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Montevideo, July 17th 2019 - 21:12 UTC

 

 

Sky darkens over Chile and Argentina during last total solar eclipse of the decade

Wednesday, July 3rd 2019 - 10:59 UTC
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The moon blocks the sun during a total solar eclipse in La Higuera, Chile, Tuesday, July 2, 2019. The moon blocks the sun during a total solar eclipse in La Higuera, Chile, Tuesday, July 2, 2019.
Tens of thousands of tourists and locals gaped skyward Tuesday as a rare total eclipse of the sun began to darken the heavens over northern Chile. Tens of thousands of tourists and locals gaped skyward Tuesday as a rare total eclipse of the sun began to darken the heavens over northern Chile.
A spectator looking at the sun and moon through a telescope that is equipped with the proper solar filter for safe viewing. A spectator looking at the sun and moon through a telescope that is equipped with the proper solar filter for safe viewing.
People in South America preparing for the total solar eclipse with solar glasses and solar filters. People in South America preparing for the total solar eclipse with solar glasses and solar filters.

Millions of sky gazers were left in awe on Tuesday as the moon blocked out the sun over Chile and Argentina -- a celestial event that drew worldwide attention. The eclipse was only visible across the southern Pacific Ocean and South America, but people from around the world tuned in to watch it on NASA TV.

“I've traveled from the UK [and] this was my 1st eclipse,” Carol Wright told AccuWeather. Wright watched the eclipse from an observatory from La Silla, Chile.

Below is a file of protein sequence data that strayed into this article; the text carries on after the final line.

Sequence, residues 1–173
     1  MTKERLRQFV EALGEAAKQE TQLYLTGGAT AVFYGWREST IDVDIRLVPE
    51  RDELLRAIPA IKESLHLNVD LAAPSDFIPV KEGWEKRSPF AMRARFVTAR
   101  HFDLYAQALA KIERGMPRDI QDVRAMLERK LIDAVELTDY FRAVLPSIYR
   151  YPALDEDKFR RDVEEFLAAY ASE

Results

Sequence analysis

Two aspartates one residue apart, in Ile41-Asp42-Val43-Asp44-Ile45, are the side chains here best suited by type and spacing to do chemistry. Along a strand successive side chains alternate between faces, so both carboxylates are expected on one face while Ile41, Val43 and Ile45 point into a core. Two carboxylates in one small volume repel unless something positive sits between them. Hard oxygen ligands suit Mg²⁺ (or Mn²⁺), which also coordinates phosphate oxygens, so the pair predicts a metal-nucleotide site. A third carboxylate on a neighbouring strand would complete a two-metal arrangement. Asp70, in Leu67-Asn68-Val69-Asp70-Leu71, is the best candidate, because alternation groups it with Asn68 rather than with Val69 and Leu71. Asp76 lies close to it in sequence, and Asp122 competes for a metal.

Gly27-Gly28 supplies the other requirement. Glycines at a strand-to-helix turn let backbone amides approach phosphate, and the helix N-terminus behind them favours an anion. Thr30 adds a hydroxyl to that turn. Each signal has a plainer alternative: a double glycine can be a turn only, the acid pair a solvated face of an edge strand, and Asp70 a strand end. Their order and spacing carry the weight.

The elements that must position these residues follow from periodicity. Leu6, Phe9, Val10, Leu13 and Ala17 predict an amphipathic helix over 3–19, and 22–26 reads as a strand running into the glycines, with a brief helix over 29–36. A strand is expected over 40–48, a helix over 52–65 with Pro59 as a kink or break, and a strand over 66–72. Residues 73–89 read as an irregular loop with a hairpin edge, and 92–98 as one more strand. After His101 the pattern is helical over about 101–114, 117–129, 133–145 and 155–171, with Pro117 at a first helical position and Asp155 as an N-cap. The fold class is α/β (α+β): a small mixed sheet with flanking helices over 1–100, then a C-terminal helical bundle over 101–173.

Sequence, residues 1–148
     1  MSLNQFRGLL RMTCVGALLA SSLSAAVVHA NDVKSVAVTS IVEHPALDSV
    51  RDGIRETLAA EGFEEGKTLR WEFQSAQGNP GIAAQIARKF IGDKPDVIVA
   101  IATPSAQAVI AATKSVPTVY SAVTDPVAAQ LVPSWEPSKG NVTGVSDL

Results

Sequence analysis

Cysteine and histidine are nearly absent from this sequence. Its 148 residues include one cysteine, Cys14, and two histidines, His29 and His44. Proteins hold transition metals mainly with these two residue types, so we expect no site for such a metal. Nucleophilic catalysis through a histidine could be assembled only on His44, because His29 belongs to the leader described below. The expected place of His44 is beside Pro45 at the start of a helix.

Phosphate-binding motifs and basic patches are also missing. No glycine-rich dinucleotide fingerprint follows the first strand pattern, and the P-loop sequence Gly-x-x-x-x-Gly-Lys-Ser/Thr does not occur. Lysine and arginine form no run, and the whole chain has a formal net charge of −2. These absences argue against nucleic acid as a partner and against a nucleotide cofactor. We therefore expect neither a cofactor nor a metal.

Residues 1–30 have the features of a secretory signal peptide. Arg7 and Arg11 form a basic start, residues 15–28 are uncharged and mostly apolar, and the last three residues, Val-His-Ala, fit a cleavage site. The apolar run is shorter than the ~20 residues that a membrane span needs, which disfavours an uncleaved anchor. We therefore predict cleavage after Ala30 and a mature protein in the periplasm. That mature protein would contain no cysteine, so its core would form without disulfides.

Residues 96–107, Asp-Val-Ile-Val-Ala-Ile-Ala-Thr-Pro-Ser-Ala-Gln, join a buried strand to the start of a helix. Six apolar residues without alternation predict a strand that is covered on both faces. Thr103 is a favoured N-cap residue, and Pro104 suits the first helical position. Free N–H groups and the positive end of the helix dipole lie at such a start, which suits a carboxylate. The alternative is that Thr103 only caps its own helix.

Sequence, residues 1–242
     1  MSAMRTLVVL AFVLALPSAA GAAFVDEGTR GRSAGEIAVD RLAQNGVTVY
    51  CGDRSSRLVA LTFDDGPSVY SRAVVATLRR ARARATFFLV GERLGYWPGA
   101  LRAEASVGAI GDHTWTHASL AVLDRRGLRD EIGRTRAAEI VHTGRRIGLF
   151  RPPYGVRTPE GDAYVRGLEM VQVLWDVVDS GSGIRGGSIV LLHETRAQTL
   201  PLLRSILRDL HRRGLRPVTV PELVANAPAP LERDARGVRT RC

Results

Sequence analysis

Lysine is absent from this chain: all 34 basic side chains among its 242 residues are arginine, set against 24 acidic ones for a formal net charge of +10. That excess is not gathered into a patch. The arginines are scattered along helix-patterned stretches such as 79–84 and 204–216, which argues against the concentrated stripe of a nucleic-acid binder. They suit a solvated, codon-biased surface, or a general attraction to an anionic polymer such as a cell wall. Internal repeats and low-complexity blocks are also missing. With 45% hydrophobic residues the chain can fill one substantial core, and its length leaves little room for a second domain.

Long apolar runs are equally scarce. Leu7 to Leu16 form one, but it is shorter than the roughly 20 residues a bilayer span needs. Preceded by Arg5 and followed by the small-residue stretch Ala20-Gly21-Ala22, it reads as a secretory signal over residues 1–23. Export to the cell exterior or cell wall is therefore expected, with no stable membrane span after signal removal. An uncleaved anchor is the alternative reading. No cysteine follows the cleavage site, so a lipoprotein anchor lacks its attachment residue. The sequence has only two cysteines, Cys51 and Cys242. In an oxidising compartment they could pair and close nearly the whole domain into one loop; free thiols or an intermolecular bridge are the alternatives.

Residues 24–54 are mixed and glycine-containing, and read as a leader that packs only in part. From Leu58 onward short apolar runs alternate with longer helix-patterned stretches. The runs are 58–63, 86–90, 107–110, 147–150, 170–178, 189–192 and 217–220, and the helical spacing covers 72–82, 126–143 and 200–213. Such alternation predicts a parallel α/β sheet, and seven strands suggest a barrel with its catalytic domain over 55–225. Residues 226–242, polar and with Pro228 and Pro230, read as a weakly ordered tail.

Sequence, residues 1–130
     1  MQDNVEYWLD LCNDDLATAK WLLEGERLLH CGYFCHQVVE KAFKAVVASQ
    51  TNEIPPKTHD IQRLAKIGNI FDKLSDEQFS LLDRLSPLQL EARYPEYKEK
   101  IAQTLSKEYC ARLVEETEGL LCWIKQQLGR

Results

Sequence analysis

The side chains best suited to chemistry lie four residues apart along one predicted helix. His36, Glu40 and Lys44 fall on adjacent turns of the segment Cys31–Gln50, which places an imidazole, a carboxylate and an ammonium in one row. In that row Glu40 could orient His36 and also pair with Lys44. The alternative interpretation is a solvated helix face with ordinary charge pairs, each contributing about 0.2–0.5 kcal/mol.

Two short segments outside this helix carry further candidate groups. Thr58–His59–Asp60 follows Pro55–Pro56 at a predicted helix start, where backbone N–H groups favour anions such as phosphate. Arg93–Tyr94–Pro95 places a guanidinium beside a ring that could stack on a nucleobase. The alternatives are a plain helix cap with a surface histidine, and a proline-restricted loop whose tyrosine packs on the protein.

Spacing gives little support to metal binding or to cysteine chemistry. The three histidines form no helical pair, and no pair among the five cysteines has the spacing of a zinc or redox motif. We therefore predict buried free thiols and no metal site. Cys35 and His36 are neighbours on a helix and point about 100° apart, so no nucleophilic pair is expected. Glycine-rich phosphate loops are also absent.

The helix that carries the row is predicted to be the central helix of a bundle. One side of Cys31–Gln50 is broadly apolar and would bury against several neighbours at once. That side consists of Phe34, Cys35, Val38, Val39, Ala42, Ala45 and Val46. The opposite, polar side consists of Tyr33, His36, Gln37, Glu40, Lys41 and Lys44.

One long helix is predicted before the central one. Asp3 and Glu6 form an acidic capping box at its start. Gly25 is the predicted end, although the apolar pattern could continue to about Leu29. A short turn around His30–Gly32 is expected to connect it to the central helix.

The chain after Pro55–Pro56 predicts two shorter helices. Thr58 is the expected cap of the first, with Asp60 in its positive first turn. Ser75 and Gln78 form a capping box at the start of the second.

“It was the most incredible multi-sensory thing I’ve ever seen,” Wright said. She lives in Hull, about 200 miles north of London. “I’m not sure seeing it more than once would ever be as good as the first time!”

A solar eclipse occurs when the moon passes between the Earth and the sun and scores a bull's-eye by completely blocking out the sunlight.

 Northern Chile is known for clear skies and some of the largest, most powerful telescopes on Earth are being built in the area, turning the South American country into a global astronomy hub. The shadow of the moon is visible in this GOES-West satellite imagery over the southern Pacific Ocean, just south of Hurricane Barbara.

The first place on the continent to see the total solar eclipse was La Serena, Chile, and the last place was just south of Buenos Aires, Argentina. However, clouds interfered with viewing the event from near Buenos Aires.

Totality lasted for a little more than 2 minutes for people that strategically placed themselves in this narrow area on Tuesday afternoon. Meanwhile, much of the balance of the continent witnessed a partial solar eclipse.

A lot happened in the two to two-and-a-half minutes during totality. The temperature dropped. Bright stars and planets appeared in the darkened sky. Crickets started chirping. Street lights turned on. Animals acted differently. Looking down at the horizon reveled a 360-degree sunrise/sunset.

Then just two minutes later, the first beams of light shined down as the moon gradually uncovered the sun, and everything began to return to normal.

South America will also be home to the next total solar eclipse, set for Dec. 14, 2020. (Accuweather)

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